What’s in it for you? A lot:
It will cut in half the payroll taxes for all small businesses. It will eliminate payroll taxes when you add new jobs or give raises.
It extends 100% expensing through 2012. That means more money in your pockets to buy that next piece of equipment.
It gives tax credits of thousands of dollars each for hiring those who’ve been unemployed and for our nation’s veterans.
Veterans have fought for us. They shouldn’t have to fight for a job when they get home.
It means billions more to repair our roads, bridges, airports. And even more to modernize our schools so that our students have the chance to excel in areas like science, technology and engineering. I strongly believe that we need those kids in the pipeline so that they can be sitting at conferences like this in the years to come – building on what people like you have already accomplished.
There are so many reasons that Congress needs to pass the American Jobs Act. And they should do it right now. We can’t wait any longer.
And, in fact, we’re not waiting. The Administration is taking action in areas where we don’t need Congress. One example is particularly important.
A month ago, the President told all of the federal agencies to cut in half the time it took to pay small business contractors like you. From 30 days to 15 days. It’s called QuickPay.
Some people who aren’t small business owners have asked me, Why is this such a big deal? They don’t know what you and I know: Cash flow is king.
When you consistently pay a business quicker, that’s a permanent infusion of cash flow into your business. You can put that money towards working capital, marketing, expansion, and, yes, more jobs. With nearly $100 billion each year in federal contracts to small businesses, this can add up to billions more in the hands of firms like yours.
It’s worth noting that the President himself takes the time to understand things like QuickPay – and to direct the agencies to make them happen – even while he’s still pushing for Congress to pass the American Jobs Act.
There’s one other area where we can’t wait – and it revolves directly around NASA. I saw a blog post that Administrator Bolden posted on Monday. The first line was this: “Neither NASA nor the Space Coast can afford to stand still.” He outlined several ways that the community will keep moving forward with space exploration – and job creation – in Space Coast.
From a new partnership with Boeing and the State of Florida… to work on Orion, which will take us further into the solar system than ever before… to more involvement from private companies that are pursuing commercial spaceflight.
At SBA, we’re doing our part, too. Just a month ago, we awarded over $2.1 million to Space Florida to develop a regional innovation cluster – focused on clean energy.
The idea is that we take the research foundation – that is already there… We take the brilliant minds – which are already there… And we leverage the state-of-the-art resources – which are already there, too.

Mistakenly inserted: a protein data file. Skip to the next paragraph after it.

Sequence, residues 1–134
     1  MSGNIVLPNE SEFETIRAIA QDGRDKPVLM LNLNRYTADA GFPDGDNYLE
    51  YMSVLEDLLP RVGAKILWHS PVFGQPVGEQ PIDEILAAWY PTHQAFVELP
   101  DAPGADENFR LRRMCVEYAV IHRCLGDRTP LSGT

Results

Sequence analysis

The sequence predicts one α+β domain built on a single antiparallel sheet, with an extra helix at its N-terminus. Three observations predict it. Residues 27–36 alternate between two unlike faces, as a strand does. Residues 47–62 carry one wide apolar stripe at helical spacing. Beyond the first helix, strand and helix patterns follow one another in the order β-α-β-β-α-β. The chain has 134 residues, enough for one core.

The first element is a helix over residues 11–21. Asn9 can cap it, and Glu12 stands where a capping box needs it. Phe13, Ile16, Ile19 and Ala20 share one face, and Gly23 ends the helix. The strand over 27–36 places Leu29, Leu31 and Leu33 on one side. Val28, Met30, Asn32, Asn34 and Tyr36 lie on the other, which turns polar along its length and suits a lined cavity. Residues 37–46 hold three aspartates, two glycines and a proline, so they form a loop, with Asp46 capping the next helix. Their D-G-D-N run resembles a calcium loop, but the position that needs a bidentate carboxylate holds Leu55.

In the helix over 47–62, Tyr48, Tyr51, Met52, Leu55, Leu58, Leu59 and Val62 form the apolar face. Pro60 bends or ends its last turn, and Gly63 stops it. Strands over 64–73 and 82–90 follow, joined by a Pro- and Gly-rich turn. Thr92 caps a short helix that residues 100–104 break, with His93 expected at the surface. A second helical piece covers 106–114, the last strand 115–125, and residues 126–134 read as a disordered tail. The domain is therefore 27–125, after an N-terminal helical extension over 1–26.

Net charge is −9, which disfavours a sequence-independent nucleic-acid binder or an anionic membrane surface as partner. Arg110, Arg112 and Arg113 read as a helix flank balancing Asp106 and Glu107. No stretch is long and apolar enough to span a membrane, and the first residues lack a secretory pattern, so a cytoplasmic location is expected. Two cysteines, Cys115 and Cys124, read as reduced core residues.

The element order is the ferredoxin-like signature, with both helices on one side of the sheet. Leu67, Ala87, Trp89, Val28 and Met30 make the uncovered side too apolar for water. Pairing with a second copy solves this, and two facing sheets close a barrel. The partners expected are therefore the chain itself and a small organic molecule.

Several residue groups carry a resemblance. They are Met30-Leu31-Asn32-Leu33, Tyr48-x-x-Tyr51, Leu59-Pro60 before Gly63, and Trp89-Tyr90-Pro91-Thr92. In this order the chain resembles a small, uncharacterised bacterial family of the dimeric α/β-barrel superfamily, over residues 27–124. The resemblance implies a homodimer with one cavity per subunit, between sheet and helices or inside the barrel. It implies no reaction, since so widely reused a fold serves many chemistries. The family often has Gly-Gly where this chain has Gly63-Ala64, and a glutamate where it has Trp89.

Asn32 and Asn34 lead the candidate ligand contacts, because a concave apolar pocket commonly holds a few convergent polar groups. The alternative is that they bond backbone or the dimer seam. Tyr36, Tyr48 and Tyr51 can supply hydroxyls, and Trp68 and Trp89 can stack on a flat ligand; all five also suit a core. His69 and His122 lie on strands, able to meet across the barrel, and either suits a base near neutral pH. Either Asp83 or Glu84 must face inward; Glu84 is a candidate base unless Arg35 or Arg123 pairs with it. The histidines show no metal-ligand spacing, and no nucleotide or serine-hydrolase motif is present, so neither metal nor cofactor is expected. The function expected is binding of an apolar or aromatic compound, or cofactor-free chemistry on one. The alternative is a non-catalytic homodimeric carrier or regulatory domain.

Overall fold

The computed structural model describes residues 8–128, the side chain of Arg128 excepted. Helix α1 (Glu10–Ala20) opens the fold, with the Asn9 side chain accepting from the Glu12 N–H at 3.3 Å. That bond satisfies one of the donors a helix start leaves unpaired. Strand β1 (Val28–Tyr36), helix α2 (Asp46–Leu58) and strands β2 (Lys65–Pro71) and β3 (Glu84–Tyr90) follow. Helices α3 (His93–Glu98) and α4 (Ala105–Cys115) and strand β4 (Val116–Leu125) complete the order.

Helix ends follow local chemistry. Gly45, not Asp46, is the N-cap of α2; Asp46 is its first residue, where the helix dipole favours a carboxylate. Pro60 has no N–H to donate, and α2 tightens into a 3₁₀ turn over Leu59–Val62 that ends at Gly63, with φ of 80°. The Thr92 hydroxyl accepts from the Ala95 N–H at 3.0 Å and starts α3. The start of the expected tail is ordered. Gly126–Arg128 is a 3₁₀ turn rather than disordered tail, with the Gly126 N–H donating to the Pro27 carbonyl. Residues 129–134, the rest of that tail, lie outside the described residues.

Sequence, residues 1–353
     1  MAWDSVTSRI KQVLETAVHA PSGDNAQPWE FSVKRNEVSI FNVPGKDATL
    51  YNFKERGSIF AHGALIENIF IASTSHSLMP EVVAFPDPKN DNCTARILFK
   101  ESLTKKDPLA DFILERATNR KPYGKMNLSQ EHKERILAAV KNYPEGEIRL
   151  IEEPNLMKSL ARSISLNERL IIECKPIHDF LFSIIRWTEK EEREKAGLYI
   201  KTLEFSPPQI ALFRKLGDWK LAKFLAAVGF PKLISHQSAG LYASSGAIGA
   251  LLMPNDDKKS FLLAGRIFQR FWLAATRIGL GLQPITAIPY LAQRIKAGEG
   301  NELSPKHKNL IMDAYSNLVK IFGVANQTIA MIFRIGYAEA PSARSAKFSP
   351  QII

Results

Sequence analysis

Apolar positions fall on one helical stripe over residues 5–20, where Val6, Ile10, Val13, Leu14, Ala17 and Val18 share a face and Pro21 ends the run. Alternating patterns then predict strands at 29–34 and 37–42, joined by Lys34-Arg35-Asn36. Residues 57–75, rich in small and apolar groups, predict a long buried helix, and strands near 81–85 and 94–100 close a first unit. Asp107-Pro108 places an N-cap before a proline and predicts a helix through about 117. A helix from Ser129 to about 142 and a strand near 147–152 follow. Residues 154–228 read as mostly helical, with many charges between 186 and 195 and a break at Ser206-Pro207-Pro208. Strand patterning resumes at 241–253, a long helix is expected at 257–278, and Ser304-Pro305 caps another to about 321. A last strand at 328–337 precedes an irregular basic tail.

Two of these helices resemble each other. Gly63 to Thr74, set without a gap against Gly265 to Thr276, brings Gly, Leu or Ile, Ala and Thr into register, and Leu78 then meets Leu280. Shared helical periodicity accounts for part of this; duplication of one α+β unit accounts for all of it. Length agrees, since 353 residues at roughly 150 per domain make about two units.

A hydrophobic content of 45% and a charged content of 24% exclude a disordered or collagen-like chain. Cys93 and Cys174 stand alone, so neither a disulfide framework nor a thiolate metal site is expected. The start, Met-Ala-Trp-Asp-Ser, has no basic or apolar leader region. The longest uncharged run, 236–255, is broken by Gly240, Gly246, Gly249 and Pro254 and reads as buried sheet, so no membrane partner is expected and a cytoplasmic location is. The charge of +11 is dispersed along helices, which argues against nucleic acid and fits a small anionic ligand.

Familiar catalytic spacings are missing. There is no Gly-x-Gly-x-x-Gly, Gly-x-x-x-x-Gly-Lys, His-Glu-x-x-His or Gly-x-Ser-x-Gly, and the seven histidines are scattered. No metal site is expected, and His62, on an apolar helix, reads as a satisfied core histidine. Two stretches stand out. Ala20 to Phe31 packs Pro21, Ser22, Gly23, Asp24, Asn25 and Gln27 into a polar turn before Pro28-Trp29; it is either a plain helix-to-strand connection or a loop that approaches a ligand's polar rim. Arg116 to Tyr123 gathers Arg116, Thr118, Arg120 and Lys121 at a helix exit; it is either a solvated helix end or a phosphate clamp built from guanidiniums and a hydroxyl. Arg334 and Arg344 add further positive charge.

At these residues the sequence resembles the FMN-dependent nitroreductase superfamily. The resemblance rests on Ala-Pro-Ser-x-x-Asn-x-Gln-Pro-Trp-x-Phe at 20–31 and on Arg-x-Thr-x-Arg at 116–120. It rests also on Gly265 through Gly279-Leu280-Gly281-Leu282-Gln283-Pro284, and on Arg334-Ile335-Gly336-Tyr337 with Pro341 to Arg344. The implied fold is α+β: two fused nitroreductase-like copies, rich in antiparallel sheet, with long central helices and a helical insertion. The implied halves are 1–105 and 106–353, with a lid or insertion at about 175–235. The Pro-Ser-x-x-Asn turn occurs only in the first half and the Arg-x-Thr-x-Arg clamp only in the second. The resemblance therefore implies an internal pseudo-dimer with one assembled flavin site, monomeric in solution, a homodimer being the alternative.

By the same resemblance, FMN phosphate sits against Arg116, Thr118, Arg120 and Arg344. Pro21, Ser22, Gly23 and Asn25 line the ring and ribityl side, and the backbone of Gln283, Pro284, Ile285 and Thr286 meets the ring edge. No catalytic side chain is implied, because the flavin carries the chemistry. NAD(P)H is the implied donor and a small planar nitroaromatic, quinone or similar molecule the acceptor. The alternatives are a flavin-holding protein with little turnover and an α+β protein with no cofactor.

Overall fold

And then we give it all a little extra muscle.
Our people and our partners are going to be working closely with Space Florida: to make new connections happen with entrepreneurs… to drive commercialization of new ideas… and to help these firms create good jobs in a growing industry.
I’ll share one more important way we’re working for you – and then I’ll close.
How many of you are familiar with the Small Business Innovation Research program?
SBIR is a competitive program draws out the best-of-the-best in small business R&D. It provides $2.5 billion each year from 11 agencies to the most promising small firms.
About one-fourth of R&D Magazine’s “top 100” innovations in past years were SBIR-driven products.
This year, SBA gave 44 national awards to trailblazing firms that have made a big impact through SBIR. They’re called Tibbetts Awards. Not surprisingly, nearly one-third (13) of these awards went to firms that came out of NASA’s SBIR program.
I’ll mention one – from my home state of Maine. Fiber Materials, Inc., is in a town called Biddeford. The firm develops lightweight composites that can withstand high temperatures. They helped make a capsule for NASA to collect dust from a passing comet. They’ve participated in SBIR almost since the year the program started in 1983.
Today, they have about 170 employees. When he got this award, the owner, Spencer Tolis, said that opportunities he got through SBIR became a “cornerstone of his business.”
Right now, the Administration is working closely with Congress to ensure that SBIR has a long-term reauthorization. Everyone knows it works. We’re going to keep the pressure on, so that even more businesses can use SBIR to write their own success stories and create jobs.
Stories like Fiber Materials and The Moore Group that I mentioned earlier are what this symposium is all about.
As the President said, the story of America’s success is written by you – America’s entrepreneurs. You’re “taking chances.” You’re “turning your dreams into a business.” And yes, “you’re changing the world.”
We need to foster that entrepreneurial spirit not only in this NASA community… but across our entire Nation – in every sector and industry.
The President has declared this month as National Entrepreneurship Month. And I’m glad you’re all here to help us celebrate.
I know that small business owners like you come to these conferences because you need to recharge. You need to get some inspiration, some new ideas, some new partners to help you take that next big step. I hope you all take time to do just that.
And, just as importantly, I hope you take that energy back to your employees, to your communities, and to the next generation of young people who have that flicker of a dream in their eyes.
Who knows? A wide-eyed young girl with big dreams might see the work that you’re doing – and she might set her sights on the first manned spaceflight to Mars.